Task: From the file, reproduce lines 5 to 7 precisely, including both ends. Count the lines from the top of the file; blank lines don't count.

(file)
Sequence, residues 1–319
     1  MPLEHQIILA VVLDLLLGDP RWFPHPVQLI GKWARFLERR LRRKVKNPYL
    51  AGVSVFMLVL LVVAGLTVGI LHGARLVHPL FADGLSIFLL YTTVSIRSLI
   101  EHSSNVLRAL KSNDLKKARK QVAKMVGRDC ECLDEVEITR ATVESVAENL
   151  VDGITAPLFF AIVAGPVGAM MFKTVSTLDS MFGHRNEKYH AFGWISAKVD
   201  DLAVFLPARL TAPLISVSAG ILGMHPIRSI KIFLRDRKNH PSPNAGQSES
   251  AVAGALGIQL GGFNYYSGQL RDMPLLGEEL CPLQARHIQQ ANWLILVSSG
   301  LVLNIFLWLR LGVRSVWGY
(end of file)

   151  VDGITAPLFF AIVAGPVGAM MFKTVSTLDS MFGHRNEKYH AFGWISAKVD
   201  DLAVFLPARL TAPLISVSAG ILGMHPIRSI KIFLRDRKNH PSPNAGQSES
   251  AVAGALGIQL GGFNYYSGQL RDMPLLGEEL CPLQARHIQQ ANWLILVSSG